The Natchez schools have hired a recruiter to cruise the state’s colleges looking for new teaching personnel, a good idea. The quality of our local schools has declined so much, the district finds it hard to attract experienced teaching personnel from outside the area.

          Such is the state we’re in. We need better, experienced teachers and we can’t get them, as those experienced teachers don’t want to be a system full of rot and failure.

           I believe Hill is sincerely interested in performing a turn-around. And if he can pull it off, he’ll be a true miracle worker. But the answer to “reforming the schools” is probably going to be found at black public charter schools across the nation. Some, not all, have achieved remarkable things and attained measurable success (such as John Marshall Academy in D.C.)

           The ones that have been successful include inner-city, poor and minority schools. They stand as exceptions to the rule. So what are they doing that we’re not doing?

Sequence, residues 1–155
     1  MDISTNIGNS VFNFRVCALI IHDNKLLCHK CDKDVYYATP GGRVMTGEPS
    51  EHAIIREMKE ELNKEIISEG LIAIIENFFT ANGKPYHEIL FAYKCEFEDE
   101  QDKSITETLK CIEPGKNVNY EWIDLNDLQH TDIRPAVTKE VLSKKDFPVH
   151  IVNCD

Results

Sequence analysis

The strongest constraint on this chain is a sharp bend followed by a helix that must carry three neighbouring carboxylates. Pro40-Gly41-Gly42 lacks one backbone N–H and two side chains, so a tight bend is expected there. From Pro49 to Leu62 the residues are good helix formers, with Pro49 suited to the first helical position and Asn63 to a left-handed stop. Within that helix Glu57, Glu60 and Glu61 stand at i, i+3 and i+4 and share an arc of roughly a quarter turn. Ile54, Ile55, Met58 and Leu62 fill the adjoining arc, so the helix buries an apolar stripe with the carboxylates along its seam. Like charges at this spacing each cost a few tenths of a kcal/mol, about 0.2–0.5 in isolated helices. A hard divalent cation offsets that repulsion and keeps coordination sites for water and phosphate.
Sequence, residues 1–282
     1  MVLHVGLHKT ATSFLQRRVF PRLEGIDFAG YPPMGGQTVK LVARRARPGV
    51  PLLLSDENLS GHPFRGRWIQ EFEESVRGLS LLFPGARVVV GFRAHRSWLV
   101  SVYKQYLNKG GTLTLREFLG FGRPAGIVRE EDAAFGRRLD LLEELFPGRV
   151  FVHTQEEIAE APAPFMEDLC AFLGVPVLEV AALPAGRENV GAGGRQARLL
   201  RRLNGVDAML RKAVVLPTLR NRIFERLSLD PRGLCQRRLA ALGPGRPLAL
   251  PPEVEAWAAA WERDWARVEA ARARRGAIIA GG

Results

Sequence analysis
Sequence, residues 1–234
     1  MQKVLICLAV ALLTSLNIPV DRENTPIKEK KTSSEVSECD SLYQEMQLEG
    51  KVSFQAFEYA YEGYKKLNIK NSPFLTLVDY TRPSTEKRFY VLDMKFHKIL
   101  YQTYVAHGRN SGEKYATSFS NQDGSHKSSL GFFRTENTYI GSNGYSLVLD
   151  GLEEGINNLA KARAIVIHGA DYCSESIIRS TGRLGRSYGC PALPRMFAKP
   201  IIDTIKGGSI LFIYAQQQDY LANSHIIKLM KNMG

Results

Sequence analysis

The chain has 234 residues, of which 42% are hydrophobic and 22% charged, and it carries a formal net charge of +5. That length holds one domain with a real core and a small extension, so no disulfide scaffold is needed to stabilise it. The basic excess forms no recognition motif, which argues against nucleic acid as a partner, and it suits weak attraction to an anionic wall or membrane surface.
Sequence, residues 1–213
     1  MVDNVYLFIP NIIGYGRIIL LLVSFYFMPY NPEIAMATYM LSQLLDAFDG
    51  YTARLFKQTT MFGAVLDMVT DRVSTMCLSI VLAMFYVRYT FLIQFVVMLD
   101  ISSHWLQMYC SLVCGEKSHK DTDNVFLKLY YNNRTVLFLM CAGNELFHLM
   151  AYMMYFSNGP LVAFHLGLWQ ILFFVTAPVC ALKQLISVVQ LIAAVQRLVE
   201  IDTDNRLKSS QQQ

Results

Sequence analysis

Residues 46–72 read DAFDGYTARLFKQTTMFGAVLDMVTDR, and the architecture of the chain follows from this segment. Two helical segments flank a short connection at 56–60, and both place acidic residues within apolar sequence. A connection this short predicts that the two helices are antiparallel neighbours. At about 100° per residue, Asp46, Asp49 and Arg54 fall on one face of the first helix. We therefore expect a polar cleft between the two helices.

To create a good or excellent product or service, you have to have good or excellent personnel. I am convinced that the leadership of the Natchez schools has been bad for years. Cronyism, political hiring and promotions, and a failure to concentrate on the basics of education have had a tremendous and negative impact.

            What we need is a revolution in thinking, management and restaffing. I don’t believe half measures will work. But Hill is the only designated magician of the moment. Can he pull the rabbit out of the hat? My fear is that in a year or two, he’ll just give up and move on to a better and higher-paying job. And we’ll be stuck with the mess created by his predecessors.